Plaintiff's state common law breach of contract and breach of fiduciary duty claims seek to recover benefits and to enforce rights under ERISA-governed plans. ERISA provides a civil enforcement remedy for the conduct upon which plaintiff bases her breach of contract claims. Therefore, her breach of contract claims are preempted under ERISA. See Davila, 542 U.S. at 214-15, 124 S.Ct. 2488 (citing Allis-Chalmers Corp. v. Lueck, 471 U.S. 202, 217 (1985) (holding that where the obligations alleged to have been unmet or violated are contained in the ERISA-regulated benefits plan, state law claims based on such violations are preempted by ERISA)), see also Cerasoli, v. Xomed, Inc., 952 F.Supp. 152, 157 (W.D.N.Y. 1997) ("It is not the label placed on a state law claim that determines whether it is preempted, but whether in essence such a claim is for the recovery of an ERISA plan benefit."). The cases cited by plaintiff in opposition to defendants' motion which held that questions of fact precluded a determination of ERISA preemption on the pleadings are simply inapposite to the case at bar since it is uncontroverted that plaintiff's husband was an employee of Hyundai via which he obtained the two life insurance policies in question.
PLaintiff initiated her complaint in state court, where she alleged breach of contract and negligence claims. Federal courts have disagreed regarding whether a complaint's common law breach of contract claim should be recharacterized as a claim pursuant to ERISA § 502(a)(1)(B) or dismissed without prejudice pursuant to the preemption doctrine. Harrison v. Metropolitan Life Ins. Co., --- F.Supp.2d ----, 2006 WL 521571, at *6 (S.D.N.Y. Feb 28, 2006) (citing Fanney v. Trigon Ins. Co., 11 F.Supp.2d 829, 832 (E.D.Va. 1998) (noting disagreement among courts regarding whether state law claim preempted by ERISA should be recharacterized as a claim pursuant to ERISA § 502(a)(1)(B)). In Arthurs v. Metropolitan Life Ins. Co., 760 F.Supp. 1095, 1098 (S.D.N.Y. 1991), the court concluded that where a complaint characterizes a claim as a common law breach of contract, but sets forth the elements of a claim under ERISA § 502(a)(1), the court's proper course is to recharacterize the claim as a claim under ERISA § 502(a)(1)(B) rather than to dismiss the complaint under the preemption doctrine. "[This] approach is consistent with the Second Circuit's holding that a pleading is sufficient where it sets forth the factual allegations supporting the elements of a claim, even if it fails to identify the specific law under which it brings a claim." Harrison, 2006 WL 521571, at *6 (citing Marbury Mgmt., Inc. v. Kohn, 629 F.2d 705, 712 n. 4 (2d Cir. 1980).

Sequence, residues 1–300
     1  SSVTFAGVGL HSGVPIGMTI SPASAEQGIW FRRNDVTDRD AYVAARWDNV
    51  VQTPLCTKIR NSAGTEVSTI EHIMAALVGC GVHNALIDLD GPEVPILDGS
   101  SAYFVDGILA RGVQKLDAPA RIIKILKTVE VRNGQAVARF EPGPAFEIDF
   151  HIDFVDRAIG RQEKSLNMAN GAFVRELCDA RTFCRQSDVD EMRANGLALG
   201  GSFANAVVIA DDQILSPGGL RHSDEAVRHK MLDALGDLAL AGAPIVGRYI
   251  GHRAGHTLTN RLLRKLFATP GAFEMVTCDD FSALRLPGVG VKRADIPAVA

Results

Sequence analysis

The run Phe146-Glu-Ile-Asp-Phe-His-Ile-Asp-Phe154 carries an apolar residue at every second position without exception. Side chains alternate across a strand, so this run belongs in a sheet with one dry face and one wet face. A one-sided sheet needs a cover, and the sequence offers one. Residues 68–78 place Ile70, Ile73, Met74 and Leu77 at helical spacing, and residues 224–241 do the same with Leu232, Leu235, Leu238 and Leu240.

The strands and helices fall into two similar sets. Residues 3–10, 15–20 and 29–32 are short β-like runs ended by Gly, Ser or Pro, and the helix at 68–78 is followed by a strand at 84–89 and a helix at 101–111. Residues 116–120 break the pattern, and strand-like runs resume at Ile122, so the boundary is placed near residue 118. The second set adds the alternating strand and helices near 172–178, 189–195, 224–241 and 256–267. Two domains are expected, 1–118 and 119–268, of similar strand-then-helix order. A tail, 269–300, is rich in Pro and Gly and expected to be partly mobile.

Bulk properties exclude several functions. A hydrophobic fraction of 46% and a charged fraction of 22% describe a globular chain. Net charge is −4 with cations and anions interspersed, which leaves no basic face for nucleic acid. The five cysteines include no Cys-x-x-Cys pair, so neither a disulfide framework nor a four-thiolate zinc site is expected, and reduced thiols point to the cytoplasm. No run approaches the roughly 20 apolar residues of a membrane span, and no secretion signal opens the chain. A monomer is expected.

This course of action also promotes the interests of justice and sound judicial administration. In an action commenced in state court grounded primarily on plaintiff's assertion of state law causes of action, it is to be expected that the complaint would frame its claims in terms designed to satisfy the pleading standards of common law causes of action, and therefore without reference to the requirements of ERISA, whether in good faith or deliberately to avert removal to federal court. To dismiss such claims outright would be wasteful and inequitable. Id. Though the Court agrees based thereupon that dismissal is not the proper remedy in this case, plaintiff does not assert ...